Fear and Trembling: Nov. 6 and Public Higher Ed.

Hurricane Sandy and New York City

Our hearts go out to our colleagues and everyone on the East Coast battered by  Hurricane Sandy, the second October megastorm in two years.   May an outcome  of this devastation be the recognition of climate change   and the beginning of a rational public policy and action to address it, including the construction of  a more resilient electrical grid and  public infrastructure.

Fear and Trembling:  Nov. 6 and Public Higher Ed.

A deep existential dread pervades many of my colleagues in education  as Nov. 6 approaches.  And it is not just because we are in California with its problematic Prop 30, which would be the  coup de grâce  to public education if it fails.   This election could signify the closing of opportunity for any significant pragmatic action to protect what remains of public higher education across the country. The outcomes on Nov. 6 could be a further blow to unions, who despite faults, have worked hard to protect workers rights in the face of a relentless onslaught of big money, and reactionary legislation to gut them.

And I can be counted as one educator in this election season disappointed by the lack of debate on the state of  defunded public higher  education across the nation and the instability for young educated adults in the new lackluster economy.   I can see the impact of a dramatically changed economic reality on my students since the fiscal collapse of 2008: seniors about to graduate troubled by their chances on a job market that provides no career stability or upward mobility.  One of my students, a talented software programmer in the gaming field, works from contract to contract  asking for a permanent position at each job with no result.  Or there is the mature student, a biology major in my capstone course, who has survived rising  tuition costs in the CSU with a “good job” at Starbucks and may have to stay since jobs in her area of expertise are scare; or her partner also in the science business who does get highly paid contracts, but they are all short-term and he worries constantly about  the next short-term job.   This is an age of contingency for all workers, blue or white-collar,  and my students wonder whether they will ever have the economic security to even start a family or own a house.  The American Dream feels  very fragile to my graduating students in California in an age of business opportunism eager to exploit contingent labor.  This is a global trend , of course, pitting young educated adults against each other in the hunt for more stable jobs.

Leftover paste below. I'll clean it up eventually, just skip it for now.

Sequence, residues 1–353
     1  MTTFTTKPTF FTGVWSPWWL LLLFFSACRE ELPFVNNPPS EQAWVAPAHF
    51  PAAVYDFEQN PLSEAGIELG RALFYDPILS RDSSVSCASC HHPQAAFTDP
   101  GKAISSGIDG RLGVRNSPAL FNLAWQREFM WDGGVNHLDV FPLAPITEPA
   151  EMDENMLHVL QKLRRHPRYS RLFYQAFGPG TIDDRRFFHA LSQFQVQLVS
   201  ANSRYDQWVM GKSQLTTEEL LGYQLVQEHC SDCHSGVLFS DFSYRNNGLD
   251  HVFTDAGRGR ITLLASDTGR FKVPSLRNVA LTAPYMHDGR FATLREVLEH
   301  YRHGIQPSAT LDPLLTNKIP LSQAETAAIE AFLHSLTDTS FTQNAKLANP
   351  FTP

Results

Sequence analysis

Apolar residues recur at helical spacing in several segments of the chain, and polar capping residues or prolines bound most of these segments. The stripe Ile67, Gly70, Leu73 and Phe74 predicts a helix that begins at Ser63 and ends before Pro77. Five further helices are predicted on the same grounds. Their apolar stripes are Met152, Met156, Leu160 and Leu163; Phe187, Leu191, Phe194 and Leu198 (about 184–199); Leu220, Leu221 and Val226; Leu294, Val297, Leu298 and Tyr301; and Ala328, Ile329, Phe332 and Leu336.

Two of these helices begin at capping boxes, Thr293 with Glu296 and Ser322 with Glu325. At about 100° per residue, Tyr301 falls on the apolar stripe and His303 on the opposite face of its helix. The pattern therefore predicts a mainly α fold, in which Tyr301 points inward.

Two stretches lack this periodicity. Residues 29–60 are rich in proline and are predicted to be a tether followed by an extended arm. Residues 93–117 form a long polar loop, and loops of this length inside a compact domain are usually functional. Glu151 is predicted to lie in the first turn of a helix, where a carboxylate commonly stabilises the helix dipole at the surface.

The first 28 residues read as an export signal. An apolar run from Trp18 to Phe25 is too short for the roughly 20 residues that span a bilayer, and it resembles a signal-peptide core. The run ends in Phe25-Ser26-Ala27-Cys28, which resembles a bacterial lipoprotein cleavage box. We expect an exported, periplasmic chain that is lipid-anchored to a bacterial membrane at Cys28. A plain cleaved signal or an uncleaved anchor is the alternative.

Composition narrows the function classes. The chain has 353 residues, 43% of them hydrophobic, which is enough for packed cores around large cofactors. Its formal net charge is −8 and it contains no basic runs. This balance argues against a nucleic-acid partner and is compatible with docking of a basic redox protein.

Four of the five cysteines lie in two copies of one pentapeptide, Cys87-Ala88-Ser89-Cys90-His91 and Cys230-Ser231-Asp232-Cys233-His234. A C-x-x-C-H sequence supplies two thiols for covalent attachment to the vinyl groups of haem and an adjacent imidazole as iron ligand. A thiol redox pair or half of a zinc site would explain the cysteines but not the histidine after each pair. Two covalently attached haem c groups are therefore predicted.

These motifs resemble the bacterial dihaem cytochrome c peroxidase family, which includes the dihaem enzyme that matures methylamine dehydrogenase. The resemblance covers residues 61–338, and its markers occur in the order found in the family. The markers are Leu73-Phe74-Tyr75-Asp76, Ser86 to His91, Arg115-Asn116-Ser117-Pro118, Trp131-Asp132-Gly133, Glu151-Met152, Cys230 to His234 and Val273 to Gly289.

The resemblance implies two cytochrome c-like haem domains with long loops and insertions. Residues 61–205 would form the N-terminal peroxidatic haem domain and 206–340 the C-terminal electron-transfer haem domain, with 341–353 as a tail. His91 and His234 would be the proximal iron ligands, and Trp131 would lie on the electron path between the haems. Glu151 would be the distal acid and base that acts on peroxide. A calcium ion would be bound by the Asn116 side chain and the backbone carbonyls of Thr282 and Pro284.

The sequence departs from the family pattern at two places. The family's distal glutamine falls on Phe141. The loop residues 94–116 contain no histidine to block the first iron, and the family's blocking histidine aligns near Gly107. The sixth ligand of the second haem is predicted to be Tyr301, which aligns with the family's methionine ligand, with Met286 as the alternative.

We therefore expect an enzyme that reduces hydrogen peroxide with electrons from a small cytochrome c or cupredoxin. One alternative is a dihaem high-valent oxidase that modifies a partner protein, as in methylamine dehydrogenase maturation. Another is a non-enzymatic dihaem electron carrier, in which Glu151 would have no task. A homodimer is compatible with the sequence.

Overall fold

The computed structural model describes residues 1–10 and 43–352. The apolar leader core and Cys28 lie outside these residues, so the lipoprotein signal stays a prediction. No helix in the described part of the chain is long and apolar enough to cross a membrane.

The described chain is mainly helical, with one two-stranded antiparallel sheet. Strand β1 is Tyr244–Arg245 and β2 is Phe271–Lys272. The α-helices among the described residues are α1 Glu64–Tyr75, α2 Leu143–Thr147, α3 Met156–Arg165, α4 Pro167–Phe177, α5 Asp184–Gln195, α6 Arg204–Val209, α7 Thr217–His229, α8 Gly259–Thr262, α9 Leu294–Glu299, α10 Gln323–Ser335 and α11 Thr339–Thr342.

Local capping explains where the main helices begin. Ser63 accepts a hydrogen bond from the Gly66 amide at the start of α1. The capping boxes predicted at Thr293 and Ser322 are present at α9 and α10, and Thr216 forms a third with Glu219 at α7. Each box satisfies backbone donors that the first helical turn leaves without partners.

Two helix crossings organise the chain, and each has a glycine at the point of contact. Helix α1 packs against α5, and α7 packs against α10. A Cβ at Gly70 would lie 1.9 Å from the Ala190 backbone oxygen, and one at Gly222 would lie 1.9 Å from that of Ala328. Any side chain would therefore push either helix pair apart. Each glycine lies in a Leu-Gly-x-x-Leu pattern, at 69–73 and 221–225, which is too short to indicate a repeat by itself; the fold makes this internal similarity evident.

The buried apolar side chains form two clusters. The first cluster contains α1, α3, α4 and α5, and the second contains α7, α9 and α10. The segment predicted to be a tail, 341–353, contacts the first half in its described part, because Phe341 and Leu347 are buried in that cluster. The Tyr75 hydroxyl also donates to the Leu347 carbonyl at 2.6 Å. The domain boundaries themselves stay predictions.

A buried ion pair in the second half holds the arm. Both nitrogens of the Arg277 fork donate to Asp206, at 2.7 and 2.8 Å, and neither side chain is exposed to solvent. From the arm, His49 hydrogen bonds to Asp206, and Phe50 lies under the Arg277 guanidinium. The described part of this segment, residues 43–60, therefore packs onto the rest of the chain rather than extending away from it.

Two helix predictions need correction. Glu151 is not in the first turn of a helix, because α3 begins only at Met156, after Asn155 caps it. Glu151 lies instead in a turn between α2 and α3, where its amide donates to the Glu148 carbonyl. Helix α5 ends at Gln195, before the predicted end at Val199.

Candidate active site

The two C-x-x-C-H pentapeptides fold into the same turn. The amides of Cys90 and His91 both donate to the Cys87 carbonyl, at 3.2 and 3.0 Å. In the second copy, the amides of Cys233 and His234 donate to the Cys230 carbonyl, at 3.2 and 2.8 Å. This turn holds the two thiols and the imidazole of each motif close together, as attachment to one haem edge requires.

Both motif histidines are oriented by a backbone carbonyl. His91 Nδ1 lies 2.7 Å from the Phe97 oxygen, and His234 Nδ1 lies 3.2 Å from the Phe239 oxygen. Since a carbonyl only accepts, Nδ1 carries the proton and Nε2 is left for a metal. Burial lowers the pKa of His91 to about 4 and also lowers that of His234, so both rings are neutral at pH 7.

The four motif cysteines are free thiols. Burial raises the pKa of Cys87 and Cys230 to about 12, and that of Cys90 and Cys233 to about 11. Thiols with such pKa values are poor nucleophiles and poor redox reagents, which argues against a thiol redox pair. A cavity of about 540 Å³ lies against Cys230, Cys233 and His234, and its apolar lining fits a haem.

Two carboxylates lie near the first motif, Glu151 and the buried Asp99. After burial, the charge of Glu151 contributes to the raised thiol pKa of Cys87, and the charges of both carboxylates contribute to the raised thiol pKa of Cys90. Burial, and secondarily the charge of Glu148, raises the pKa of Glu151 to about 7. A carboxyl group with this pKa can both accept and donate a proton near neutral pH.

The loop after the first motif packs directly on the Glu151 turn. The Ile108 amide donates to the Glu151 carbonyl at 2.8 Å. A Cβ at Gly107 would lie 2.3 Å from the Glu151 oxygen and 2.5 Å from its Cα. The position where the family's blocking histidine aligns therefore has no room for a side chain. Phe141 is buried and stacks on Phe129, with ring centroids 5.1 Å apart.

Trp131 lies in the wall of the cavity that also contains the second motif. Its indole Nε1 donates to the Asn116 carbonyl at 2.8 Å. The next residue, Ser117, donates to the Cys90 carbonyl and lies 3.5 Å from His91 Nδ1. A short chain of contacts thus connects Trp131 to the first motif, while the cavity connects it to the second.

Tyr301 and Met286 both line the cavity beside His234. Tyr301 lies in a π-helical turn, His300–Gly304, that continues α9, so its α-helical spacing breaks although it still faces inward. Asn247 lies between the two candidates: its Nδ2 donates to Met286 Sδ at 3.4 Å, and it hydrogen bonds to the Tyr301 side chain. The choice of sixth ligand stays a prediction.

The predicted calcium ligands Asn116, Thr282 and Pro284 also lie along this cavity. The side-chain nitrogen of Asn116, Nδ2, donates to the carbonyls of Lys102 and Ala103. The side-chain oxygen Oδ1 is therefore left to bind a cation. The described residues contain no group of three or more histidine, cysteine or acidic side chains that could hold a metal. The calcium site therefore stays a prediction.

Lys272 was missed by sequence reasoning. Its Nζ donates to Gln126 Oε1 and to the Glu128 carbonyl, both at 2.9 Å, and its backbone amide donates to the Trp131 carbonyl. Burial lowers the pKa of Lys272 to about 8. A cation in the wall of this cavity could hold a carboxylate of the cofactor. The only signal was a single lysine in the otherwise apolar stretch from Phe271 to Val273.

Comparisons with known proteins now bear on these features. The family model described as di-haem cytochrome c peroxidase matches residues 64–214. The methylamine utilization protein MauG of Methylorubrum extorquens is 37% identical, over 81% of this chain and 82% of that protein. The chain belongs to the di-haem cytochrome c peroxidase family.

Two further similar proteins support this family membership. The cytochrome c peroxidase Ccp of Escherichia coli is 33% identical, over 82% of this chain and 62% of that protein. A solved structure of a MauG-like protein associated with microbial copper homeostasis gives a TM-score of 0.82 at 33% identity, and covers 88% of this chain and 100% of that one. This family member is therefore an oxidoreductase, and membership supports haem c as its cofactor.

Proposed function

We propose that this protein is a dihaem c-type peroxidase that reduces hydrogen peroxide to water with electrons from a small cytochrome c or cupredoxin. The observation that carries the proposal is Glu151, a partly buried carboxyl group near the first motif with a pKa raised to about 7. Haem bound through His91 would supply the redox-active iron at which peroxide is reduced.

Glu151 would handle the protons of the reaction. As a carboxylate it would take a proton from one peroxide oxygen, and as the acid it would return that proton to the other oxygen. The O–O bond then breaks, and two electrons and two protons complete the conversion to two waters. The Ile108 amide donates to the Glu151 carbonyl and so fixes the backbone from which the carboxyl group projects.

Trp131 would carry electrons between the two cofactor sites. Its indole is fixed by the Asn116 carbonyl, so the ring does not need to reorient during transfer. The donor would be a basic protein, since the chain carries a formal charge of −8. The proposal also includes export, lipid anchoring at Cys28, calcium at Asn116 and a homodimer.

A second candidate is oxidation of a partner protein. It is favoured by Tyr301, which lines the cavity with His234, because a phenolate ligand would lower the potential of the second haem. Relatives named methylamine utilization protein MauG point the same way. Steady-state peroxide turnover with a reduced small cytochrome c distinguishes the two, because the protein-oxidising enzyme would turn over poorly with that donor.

Is it the same across the states? Just last month many of us received the following message from  the American Association of University Professors (AAAUP) explaining the seriousness of union busting in Michigan:

 Dear AAUP Members:

In attacks on working families similar to those we saw in Wisconsin and Ohio, the Michigan legislature and governor have decimated collective bargaining rights in the state. In Michigan, this has been done not in one omnibus bill but with an onslaught of individual bills, railroaded through committees with the arrogant attitude, “your voice doesn’t matter.”

Fearing this pattern might continue though the next legislative session, and possibly lead to a so-called right-to-work state, the labor movement has initiated a ballot campaign to amend the Michigan constitution. The proposed amendment would protect the basic right to negotiate for fair wages and benefits with an employer.

Our friends and colleagues in Wisconsin and Ohio stood their ground and fought back with the power of collective action reminiscent of the 1930’s. It is now Michigan’s turn to carry the movement forward.

As we have seen over the past couple of years, corporate special interests have amassed staggering resources to use in their attempt to destroy collective bargaining rights. We therefore appeal to our AAUP colleagues from across the country to join us in preserving the labor/management relationship that has been so successful in creating the American middle class.

Our colleagues in Michigan need your help. To see how you can help, please visit the Michigan AAUP conference website (http://www.miaaup.org/).

Rudy Fichtenbaum President, AAUP